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Regulatory Genomics and Cancer Evolution

Division of Regulatory Genomics and Cancer Evolution

Prof. Dr. Duncan Odom

Comparing the functionof genetic sequences among mammals can reveal the mechanisms of normal and cancer evolution. Image courtesy of C Ernst.

Dr Odom’s laboratory studies how genetic sequence information shapes the cell's DNA regulatory landscape and thus the trajectory of cancer genome evolution. We are mainly an experimental genomics laboratory with long-standing collaborative alliances with other - particularly computational - research groups. The breadth of our three major scientific themes provides substantial latitude to tailor particular projects to the scientific interest of incoming students and postdocs.

First, we are testing how genetic sequence variation shapes genome regulation and gene expression in phenotypically normal somatic tissues. One strategy is to profile and compare regulatory architectures and function among closely- and distantly-related mammals. Our laboratory is known for its early pioneering application of interspecies comparisons to reveal the extensive and rapid turn-over of tissue-specific transcription factor binding, CTCF/insulator elements, polymerase occupancies, and enhancer activities. We are actively developing novel approaches to integrate recently developed single-cell transcriptional, spatial, and epigenomic datasets [funded by an ERC Advanced Grant].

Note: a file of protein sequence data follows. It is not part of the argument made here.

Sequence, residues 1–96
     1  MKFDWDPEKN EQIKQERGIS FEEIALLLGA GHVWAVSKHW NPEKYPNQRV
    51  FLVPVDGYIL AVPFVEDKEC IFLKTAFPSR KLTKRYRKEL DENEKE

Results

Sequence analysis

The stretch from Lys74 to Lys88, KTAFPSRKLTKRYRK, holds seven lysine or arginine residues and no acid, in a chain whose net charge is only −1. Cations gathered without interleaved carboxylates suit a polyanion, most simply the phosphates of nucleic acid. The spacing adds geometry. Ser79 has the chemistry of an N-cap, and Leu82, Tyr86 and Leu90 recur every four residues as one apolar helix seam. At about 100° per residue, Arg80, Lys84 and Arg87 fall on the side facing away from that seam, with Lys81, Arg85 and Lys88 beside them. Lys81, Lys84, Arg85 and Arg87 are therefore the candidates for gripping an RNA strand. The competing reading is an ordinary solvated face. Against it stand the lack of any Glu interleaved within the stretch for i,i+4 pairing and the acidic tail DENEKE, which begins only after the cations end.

Second, we are establishing the earliest mechanisms of cancer genome formation. We are use chemical carcinogenesis to create and analyse liver tumours in multiple different mammalian species. This approach is the first artificially created and carefully controlled tumour cohorts that can be reliably and quantitatively compared, in order to reveal the underlying principles of cancer genome evolution. Our work has recently discovered that chemical carcinogen-driven tumours can carry megabase scale mutational asymmetries, and we are exploiting this to test how mutations are first established in the cancer genome.

Third, we are exploring how ageing interacts with genetic diversity in shaping genome stability. We exploit closely related mouse species with a similar organismal phenotype, but with highly divergent genomes. We have used this strategy to begin exploring how tissue function changes in the bone marrow and the female reproductive tract. Recent published studies from the Odom lab have used single-cell transcriptional analysis to demonstrate how ageing can result in substantial increases in cell-to-cell transcriptional variability in the immune system.


Prof. Dr. Duncan Odom
Regulatory Genomics and Cancer Evolution (B270)
Deutsches Krebsforschungszentrum
Im Neuenheimer Feld 280
69120 Heidelberg

Selected Publications

  • I Winkler et al (2024) The cycling and aging mouse female reproductive tract at single-cell resolution. Cell.
  • S Aitken et al (2020) Pervasive lesion segregation shapes cancer genome evolution. Nature, 265-270.
  • S Aitken et al (2018) CTCF maintains regulatory homeostasis of cancer pathways. Genome Biology, 1-17.
  • C Martinez-Jimenez et al (2017) Aging increases cell-to-cell transcriptional variability upon immune stimulation. Science, 1433-1436.
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